Broadband News

Speed test results for December 2014

2014 may have finished, but that means we can look at the speed test results for the final month of 2014.

Two main flavours of our speed test are available, our traditional flash based test or our new test that is quicker to run, and has recently had a test history section integrated into it.

Broadband Speeds December 2014 - Large Sample Size
Provider Median Download Mean Download Median Upload Mean Upload % of tests at superfast speeds
Virgin Media 41.7 Mbps 50.2 Mbps 3.5 Mbps 5.4 Mbps 63.5%
BT Consumer 16.4 Mbps 23.1 Mbps 2.7 Mbps 5.4 Mbps 34.2%
Zen Internet 14.2 Mbps 24.3 Mbps 1 Mbps 5.5 Mbps 33.2%
PlusNet 12.6 Mbps 21.6 Mbps 0.9 Mbps 5.4 Mbps 30.9%
KC 9.6 Mbps 31.3 Mbps 0.7 Mbps 5.5 Mbps 16%
Sky 8.6 Mbps 13.4 Mbps 0.9 Mbps 3.6 Mbps 13.9%
TalkTalk 7.6 Mbps 14 Mbps 0.7 Mbps 1.8 Mbps 17%
EE 6.8 Mbps 12.1 Mbps 0.8 Mbps 2.3 Mbps 12.4%

Median speed is the average where 50% of people get this speed or faster. Mean speed is the arithmetic mean and the difference to the median speed reflects the level of popularity of higher speed products at a provider.

Broadband Speeds December 2014 - Reduced confidence due to smaller sample size
Provider Median Download Mean Download Median Upload Mean Upload % of tests at superfast speeds
Hyperoptic 94.2 Mbps 211.1 Mbps 81.5 Mbps 164.6 Mbps 77.4%
EE/Orange Mobile 15.7 Mbps 20.2 Mbps 1.8 Mbps 3.4 Mbps 22.2%
Relish 9.3 Mbps 12.2 Mbps 1.7 Mbps 2.6 Mbps 0%
Entanet 9.1 Mbps 20.1 Mbps 3.4 Mbps 8.7 Mbps 20%
IDNet 9 Mbps 20.8 Mbps 0.9 Mbps 4.9 Mbps 25%
T-Mobile 7 Mbps 13.2 Mbps 1.1 Mbps 3.3 Mbps 8%
Vodafone Mobile 7.8 Mbps 11.6 Mbps 1.1 Mbps 1.9 Mbps 3.1%
Eclipse 6.6 Mbps 12.8 Mbps 0.7 Mbps 2.6 Mbps 8%
O2 Mobile 6.6 Mbps 11.3 Mbps 1.2 Mbps 2.1 Mbps 10.2%
Three 5.2 Mbps 7 Mbps 1.3 Mbps 1.6 Mbps 0%

We are able to analyse the technology used for each test, which with the current push to get people to buy a fibre based service via the Government funded Superfast Nation adverts is a better indicator of what sort of difference the fibre based services make.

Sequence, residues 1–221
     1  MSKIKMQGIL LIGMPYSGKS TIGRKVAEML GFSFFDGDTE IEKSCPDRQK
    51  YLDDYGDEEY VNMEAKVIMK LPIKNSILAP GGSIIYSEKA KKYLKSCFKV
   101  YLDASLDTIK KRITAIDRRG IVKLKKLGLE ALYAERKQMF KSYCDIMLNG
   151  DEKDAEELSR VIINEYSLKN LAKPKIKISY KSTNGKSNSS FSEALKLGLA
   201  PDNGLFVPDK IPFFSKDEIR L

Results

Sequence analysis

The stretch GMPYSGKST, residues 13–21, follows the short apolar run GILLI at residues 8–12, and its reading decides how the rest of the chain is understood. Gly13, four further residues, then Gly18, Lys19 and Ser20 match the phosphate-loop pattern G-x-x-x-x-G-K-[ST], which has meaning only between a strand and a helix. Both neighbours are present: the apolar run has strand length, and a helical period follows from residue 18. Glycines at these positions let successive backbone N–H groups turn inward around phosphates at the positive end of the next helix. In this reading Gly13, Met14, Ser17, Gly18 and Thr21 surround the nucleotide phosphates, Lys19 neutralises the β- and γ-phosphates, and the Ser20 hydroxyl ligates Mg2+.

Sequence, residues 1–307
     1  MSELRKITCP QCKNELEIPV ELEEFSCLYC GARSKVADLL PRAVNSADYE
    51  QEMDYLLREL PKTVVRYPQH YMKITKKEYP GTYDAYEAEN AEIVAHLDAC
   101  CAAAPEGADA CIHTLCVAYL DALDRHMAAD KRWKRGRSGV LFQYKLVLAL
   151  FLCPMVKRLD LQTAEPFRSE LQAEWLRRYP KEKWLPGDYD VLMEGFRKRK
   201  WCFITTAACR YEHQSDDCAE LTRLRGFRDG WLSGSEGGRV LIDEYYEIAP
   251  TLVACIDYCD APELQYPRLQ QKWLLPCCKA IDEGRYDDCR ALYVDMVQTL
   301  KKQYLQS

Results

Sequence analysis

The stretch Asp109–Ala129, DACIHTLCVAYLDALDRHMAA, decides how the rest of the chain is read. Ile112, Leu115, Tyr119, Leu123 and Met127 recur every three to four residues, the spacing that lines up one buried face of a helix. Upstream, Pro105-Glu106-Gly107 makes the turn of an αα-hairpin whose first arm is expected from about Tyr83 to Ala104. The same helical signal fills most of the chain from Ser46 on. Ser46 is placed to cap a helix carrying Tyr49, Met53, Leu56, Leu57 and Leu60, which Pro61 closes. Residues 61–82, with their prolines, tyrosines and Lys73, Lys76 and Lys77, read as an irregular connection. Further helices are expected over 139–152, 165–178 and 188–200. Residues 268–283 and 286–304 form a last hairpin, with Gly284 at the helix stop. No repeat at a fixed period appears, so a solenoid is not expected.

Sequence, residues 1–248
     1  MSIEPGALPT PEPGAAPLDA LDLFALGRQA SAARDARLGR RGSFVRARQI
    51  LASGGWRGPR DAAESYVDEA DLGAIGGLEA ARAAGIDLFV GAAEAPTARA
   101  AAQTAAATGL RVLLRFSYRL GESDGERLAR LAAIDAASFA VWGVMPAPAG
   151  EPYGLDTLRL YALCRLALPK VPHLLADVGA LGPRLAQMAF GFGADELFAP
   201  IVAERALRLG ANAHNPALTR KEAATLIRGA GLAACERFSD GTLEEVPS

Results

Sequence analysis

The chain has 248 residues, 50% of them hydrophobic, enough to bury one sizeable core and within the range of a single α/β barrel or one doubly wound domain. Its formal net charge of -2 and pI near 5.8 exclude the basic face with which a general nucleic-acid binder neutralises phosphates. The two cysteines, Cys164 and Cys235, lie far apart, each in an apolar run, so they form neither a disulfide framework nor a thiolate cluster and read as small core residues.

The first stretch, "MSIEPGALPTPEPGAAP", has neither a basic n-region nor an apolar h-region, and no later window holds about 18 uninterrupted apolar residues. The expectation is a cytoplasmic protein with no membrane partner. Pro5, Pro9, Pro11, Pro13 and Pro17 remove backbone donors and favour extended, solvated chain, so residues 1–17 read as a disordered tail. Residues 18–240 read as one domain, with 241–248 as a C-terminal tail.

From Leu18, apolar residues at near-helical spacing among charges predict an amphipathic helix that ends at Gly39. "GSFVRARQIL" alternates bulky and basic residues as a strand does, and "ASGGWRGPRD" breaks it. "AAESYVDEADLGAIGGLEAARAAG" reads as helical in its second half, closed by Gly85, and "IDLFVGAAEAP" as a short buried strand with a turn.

Technology Speeds December 2014
Technology Median Download Mean Download Median Upload Mean Upload
ADSL/ADSL2+ 4.5 Mbps 5.5 Mbps 0.7 Mbps 0.7 Mbps
FTTC 33.5 Mbps 34.5 Mbps 8 Mbps 9 Mbps
FTTH/P 94.7 Mbps 148.6 Mbps 42.7 Mbps 97.7 Mbps

The step change in speeds that FTTC can offer is clearly visible, as is the even higher performance difference seen from the combined might of the FTTH/P/B providers in the UK (B4rn, Hyperoptic, Gigaclear, Openreach and others). The speed for ADSL/ADSL2+ saw a major change in speed in 2011, but has generally remained static with slight rises overtime as ADSL2+ roll-outs via LLU and WBC continue, but to a smaller extent than 2011. The speed of FTTC as a technology has been surprisingly static since Spring 2013 when Openreach rolled out the up to 76 Mbps product option. Two common broadband theories are that the FTTC roll-outs are only to those areas where people can already get fast ADSL2+ speeds, but our speed test data does not support this assertion.

FTTC is far from a perfect technology, but an interesting observation is that bottom 10% of people on FTTC have a maximum speed of 11.3 Mbps which is double the median and mean for ADSL/ADSL2+. Showing that even though FTTC is distance limited the improvements seem to be sufficient to support two to three HD video streams at the same time.


My exchange in West Chiltington,was one of the first to benefit from FTTC BDUK last July. Initial speed estimate from BT wholesale was between 8 and 13Mbps on a line just under 2km from the cabinet. I was actually getting about 5.5Mbps. Now the speed has fallen to 3Mbps with a new BT wholesale predition of between 1 and 2.9Mbps for the line. I use bonded lines, my second line is currently even slower at just 0.6Mbps but it averages about 2Mbps. As the cabinet fills speeds reduce as shown by the BT wholesale speed predictions.

  • chilting
  • over 2 years ago

The providers checkers have used positive feedback for some years.